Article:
The landscaped headquarters of the natural-gas producer is designed to look like a college campus and includes a large child-care center.

Cisco Systems

Fortune 500 rank: 55
Best Companies rank: 55

What makes it so great?
Employees stay fit inside a 118,000-square-foot, gold-level LEED-certified health center and can drop off kids at two onsite care centers.

Darden Restaurants

Fortune 500 rank: 319
Best Companies rank: 74

What makes it so great?
More than half of the restaurant group's employees donate to a program that provides relief to employees facing emergencies.

Devon Energy

Fortune 500 rank: 270
Best Companies rank: 56

What makes it so great?
Last year the oil and gas driller opened the Doc, a new medical clinic in its 50-story headquarters in downtown Oklahoma City.

Discovery Communications

Fortune 500 rank: 460
Best Companies rank: 79

What makes it so great?
The nonfiction media giant (Discovery Channel, TLC, and Animal Planet) offers onsite medical clinics and fitness programs.

EOG Resources

Fortune 500 rank: 203
Best Companies rank: 97

What makes it so great?
The oil company's generous matching plan for charitable donations is dollar for dollar up to $75,000.


General Mills

Fortune 500 rank: 159
Best Companies rank: 64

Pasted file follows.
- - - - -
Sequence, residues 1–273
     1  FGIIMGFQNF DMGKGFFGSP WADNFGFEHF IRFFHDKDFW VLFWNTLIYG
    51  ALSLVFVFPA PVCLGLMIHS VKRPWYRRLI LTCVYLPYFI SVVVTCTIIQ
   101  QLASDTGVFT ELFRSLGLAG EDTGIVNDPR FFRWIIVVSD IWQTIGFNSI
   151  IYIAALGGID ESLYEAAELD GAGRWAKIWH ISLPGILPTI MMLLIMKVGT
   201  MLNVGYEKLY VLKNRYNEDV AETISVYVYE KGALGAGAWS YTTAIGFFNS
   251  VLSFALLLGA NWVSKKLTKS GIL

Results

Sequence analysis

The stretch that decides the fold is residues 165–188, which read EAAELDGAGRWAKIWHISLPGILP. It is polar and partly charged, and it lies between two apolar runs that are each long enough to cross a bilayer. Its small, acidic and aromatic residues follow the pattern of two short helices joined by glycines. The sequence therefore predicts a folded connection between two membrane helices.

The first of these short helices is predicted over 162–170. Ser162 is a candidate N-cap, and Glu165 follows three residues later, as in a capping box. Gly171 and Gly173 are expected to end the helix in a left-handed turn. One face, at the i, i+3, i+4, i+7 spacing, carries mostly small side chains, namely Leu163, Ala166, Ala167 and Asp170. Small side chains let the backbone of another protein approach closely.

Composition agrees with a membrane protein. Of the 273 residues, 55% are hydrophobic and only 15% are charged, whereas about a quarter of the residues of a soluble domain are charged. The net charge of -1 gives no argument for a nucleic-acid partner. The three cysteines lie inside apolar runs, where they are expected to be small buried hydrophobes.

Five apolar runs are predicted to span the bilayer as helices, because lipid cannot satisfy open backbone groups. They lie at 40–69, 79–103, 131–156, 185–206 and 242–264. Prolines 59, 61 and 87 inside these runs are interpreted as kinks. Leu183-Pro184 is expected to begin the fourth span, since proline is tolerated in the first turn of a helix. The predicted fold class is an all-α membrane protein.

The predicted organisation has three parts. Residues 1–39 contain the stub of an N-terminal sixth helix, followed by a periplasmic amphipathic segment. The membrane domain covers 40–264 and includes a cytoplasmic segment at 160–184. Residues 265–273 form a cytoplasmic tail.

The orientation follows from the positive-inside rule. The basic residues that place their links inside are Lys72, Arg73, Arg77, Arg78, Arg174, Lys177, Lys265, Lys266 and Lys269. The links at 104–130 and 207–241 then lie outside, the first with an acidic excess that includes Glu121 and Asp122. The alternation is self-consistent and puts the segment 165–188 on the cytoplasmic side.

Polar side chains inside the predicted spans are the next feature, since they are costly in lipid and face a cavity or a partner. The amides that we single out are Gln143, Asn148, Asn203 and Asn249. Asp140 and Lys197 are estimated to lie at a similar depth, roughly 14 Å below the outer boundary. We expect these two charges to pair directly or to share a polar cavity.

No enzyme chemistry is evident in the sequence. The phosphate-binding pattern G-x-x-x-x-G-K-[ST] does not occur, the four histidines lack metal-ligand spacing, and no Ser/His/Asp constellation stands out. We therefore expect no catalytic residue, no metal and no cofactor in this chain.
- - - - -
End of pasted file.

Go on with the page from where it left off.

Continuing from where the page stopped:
What makes it so great?
The cereal maker took a stand in 2012 to oppose an amendment that would have barred same-sex marriages in Minnesota.

Goldman Sachs

Fortune 500 rank: 74
Best Companies rank: 45

What makes it so great?
Staff won for the fastest corporate team in the annual race up the steps of the Empire State Building.



Google's "Bureaucracy Busters" program was designed to cut down on internal red tape and make administrative processes more efficient. Instead of creating a committee of senior leaders to conduct an internal review of various processes and make recommendations, CFO Patrick Pinchette asked all employees to post their bureaucracy-cutting suggestions on an internal site and vote on the ones they found most promising. Ultimately, close to 4,500 Google employees voted on nearly 1,200 employee-generated ideas. This year, Google has begun implementing changes, which range from improving their internal expense report system to adding more maps of buildings around their campuses. Nine of the top 10 suggested improvements have been enacted, with the tenth currently in progress.

Fortune 500 rank: 46
Best Companies rank: 1

What makes it so great?